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Call for Abstracts

Why submit an abstract?

The verbal presentation of abstracts and the display of posters detailing work done by members is a key element in the exchange of good practice at BLS Conference. It provides an opportunity to bring work to the attention of a wide audience, enhancing the prestige of the presenter.

What can I submit?

Abstracts and posters may be submitted on:

Research studies, audits, case reports service developments/initiatives including user involvement and literature reviews.

What decision will I receive?

The BLS Scientific Committee will return one of the following decisions:

  1. Accepted
  2. Not accepted.

Authors will receive written feedback on their submission, and whether it has been accepted for conference.

What is the criteria and level of support?

BLS Trustees and the BLS Scientific Committee wish to provide members with the maximum support in submitting their work.  You may wish to do one or all of the following:

  • Download the supporting information.

            or if you have further questions please.

  • Contact Katie Riches (Chair of the BLS Scientific Committee) by email on Katie.Riches@nhs.net.

You must agree to present your paper/poster at whatever time is scheduled within the conference programme. BLS Scientific Committee will decide on the appropriate time to allocate based on the nature of the Abstract and its content.

N.B. All Abstracts will be reproduced in the Conference Programme and submission of an Abstract constitutes consent for publication. Selected Abstracts may also appear in the Journal of Lymphoedema.

Corporate prizes

Corporate Members of BLS have jointly agree to award 4 prizes of £250 for Abstracts and Posters submitted by BLS Members in the following categories:-

  • Best novice poster presentation
  • Best overall poster presentation
  • Best novice verbal abstract presentation
  • Best overall verbal abstract presentation

The BLS Scientific Committee will decide on the winners and their decision will be final.

Deadline for submission27th May 2017 via the Oxford Abstract system, please click here.

Entitling your abstract

Writing a good title is an important part of writing an abstract. The title gives the first impression of your work. It should attract attention and interest. It is a marketing opportunity. Like the first few seconds at an interview, it can make or break the chances of success.

The title is the key that opens doors. Readers, reviewers, and conference organisers may base decisions on the title alone. Does this research warrant further attention? The title signals what is to come – telling the reader whether to read on or move on!

Given its importance, there is relatively little guidance for how to write a good title. Most advice is to make it attention-grabbing whilst keeping it succinct. But what should a good title comprise? The National Institute of Health Research (NIHR) says that a title should be “accurate, informative and complete”.1 It should encapsulate the relevant and important aspects the research, including a clear statement of the type of study (whether a randomised controlled trial, a literature review, a case study,etc).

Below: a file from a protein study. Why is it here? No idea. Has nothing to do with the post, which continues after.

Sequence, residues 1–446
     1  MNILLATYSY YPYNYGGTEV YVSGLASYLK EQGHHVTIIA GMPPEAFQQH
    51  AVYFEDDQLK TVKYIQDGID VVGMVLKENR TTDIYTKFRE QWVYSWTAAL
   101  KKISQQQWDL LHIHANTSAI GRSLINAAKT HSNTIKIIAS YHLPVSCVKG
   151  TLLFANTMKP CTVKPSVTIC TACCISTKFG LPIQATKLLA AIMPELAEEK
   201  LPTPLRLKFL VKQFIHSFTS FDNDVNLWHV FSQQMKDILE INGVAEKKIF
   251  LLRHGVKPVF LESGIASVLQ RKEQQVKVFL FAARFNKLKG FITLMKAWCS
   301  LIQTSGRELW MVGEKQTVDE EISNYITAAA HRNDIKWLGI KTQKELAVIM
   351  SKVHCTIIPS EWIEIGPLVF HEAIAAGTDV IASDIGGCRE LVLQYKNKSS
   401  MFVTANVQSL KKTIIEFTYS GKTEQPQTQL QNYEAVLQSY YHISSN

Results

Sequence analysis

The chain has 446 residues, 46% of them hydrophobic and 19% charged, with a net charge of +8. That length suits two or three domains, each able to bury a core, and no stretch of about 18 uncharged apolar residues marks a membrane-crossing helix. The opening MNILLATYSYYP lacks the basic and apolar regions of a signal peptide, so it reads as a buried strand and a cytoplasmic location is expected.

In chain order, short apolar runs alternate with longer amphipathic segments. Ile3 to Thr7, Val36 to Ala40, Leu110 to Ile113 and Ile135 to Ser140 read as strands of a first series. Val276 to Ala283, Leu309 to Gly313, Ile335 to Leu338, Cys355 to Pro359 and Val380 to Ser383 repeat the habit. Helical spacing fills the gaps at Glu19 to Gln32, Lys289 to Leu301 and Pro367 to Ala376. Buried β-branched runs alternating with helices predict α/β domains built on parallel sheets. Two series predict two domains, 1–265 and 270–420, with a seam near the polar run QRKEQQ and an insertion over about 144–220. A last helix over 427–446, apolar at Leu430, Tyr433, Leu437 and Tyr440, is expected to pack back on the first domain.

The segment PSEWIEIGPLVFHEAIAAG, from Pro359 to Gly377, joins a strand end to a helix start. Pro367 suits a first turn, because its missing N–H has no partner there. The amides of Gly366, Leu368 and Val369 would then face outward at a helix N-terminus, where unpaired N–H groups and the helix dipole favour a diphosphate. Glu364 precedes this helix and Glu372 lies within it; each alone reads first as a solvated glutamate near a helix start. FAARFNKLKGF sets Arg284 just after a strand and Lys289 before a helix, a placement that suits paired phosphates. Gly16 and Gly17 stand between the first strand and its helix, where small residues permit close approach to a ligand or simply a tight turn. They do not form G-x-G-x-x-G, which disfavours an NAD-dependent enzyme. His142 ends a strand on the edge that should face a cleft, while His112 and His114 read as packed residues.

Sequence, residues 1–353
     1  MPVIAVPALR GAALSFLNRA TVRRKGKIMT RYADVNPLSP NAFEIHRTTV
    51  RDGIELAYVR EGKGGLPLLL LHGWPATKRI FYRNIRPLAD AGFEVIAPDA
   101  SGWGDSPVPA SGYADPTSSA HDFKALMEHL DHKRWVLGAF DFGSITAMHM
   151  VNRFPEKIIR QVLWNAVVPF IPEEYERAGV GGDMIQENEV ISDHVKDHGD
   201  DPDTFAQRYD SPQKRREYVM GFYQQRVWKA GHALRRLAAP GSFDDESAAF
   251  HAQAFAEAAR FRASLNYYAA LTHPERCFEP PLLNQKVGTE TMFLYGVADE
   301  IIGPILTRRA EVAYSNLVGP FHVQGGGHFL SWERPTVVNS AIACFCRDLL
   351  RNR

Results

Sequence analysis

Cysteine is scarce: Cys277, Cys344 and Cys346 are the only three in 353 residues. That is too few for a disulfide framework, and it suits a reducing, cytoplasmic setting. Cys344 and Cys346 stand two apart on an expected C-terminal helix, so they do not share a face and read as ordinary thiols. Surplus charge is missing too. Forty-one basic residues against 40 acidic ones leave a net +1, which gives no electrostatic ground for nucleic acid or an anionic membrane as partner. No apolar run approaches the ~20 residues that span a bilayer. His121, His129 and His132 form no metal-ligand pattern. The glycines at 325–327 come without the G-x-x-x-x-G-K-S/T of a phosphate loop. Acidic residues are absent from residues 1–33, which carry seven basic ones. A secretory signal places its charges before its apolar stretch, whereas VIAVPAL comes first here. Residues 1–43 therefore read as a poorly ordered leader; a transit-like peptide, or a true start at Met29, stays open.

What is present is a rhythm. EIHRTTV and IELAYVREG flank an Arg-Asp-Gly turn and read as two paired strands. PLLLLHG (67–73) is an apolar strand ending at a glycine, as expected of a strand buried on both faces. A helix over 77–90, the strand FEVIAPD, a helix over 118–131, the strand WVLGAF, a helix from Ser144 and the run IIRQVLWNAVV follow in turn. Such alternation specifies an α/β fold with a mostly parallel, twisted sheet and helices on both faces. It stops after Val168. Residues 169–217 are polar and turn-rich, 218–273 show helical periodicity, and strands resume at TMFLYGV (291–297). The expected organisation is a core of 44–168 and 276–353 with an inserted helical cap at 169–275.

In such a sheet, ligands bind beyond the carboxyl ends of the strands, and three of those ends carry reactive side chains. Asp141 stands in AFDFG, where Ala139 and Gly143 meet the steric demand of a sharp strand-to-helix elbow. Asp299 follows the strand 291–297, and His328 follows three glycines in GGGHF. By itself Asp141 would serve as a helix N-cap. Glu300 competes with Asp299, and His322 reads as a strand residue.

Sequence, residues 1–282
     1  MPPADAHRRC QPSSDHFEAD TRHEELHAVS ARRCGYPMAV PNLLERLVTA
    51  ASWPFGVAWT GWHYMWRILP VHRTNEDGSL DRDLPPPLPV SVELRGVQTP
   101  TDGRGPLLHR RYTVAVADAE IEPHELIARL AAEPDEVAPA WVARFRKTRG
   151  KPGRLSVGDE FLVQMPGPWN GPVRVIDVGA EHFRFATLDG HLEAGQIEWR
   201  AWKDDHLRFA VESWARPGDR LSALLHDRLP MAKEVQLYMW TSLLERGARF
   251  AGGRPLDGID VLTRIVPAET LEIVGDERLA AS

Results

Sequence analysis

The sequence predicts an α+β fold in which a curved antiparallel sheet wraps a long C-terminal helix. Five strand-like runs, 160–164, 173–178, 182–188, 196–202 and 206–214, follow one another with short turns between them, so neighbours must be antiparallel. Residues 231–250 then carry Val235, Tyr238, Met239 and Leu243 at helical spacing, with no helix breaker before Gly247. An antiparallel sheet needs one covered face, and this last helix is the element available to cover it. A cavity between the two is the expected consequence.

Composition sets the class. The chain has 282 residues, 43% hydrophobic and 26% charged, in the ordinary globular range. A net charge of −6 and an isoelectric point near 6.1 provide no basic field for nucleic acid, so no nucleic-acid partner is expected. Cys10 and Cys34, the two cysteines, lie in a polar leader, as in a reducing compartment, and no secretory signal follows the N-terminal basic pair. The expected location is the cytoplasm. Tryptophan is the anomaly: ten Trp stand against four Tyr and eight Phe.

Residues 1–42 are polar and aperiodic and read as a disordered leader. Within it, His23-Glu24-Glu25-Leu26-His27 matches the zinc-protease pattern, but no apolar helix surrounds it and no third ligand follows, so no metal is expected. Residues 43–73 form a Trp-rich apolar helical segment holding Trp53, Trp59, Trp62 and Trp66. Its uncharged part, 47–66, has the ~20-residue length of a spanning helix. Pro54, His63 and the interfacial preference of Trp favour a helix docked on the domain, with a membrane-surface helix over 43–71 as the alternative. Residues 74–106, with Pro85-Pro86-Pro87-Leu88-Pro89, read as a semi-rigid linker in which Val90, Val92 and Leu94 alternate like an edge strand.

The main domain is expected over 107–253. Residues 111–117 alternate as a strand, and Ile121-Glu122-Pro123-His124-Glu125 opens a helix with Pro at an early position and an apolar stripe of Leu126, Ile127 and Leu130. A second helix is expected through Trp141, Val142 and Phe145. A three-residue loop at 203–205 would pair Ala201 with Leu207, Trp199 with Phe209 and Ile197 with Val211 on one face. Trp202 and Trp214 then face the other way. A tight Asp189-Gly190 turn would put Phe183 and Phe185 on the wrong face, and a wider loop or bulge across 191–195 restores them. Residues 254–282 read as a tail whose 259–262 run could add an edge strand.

Constructing a good title is similar to constructing a good research question, and the PICO acronym is a useful guide. The title should describe the:
• Patient, population and/or problem
• Intervention
• Comparison or control (if applicable)
• Outcome.

Similarly, Chan et al2 tell us that good title should identify the following elements:
• Population
• Intervention(s)
• Study design – including the method of intervention allocation (for example, parallel group randomised trial; single group trial)
• Acronym (if applicable)
It can also be helpful to identify the:
• Trial framework (for example, superiority, non-inferiority)
• Study objective or primary outcome
• The study phase, if relevant (for example, Phase II).

This can become quite a “mouthful” – an example provided by Chan et al is:
“A multi-centre, investigator-blinded, randomized, 12-month, parallel-group, non-inferiority study to compare the efficacy of 1.6 to 2.4 Asacol ® TherapyQD [once daily] versus divided dose (BID)[twice daily] in the maintenance of ulcerative colitis”
While this title exceeds the word counts suggested for titles (usually 12-15 words, and a more generous 20 words recommended by the BLS), it leaves us in no doubt about what this study is and what it intends to achieve. A reader, reviewer or conference committee can quickly decide whether to read on or move on.

The majority of abstracts we submit to the BLS may not require such elaborate titles as this example. However, the BLS Scientific and Research Committee do ask that you make your abstract titles as informative and comprehensive as possible. Please use the checklists provided above to ensure that you “cover all the bases” in your title.

A well constructed title is a key that opens the door to your reader’s attention – and to conference success!

1. National Institute of Health Research (2016) Information for authors. Retrieved 21 April 2016, from http://www.journalslibrary.nihr.ac.uk/information-for-authors/title-page
2. Chan A, Tetzlaff JM, Altman DG, et al. (2013) SPIRIT 2013 Statement: Defining Standard Protocol Items for Clinical Trials. Annals of Internal Medicine: 158:200-207. doi:10.7326/0003-4819-158-3-201302050-00583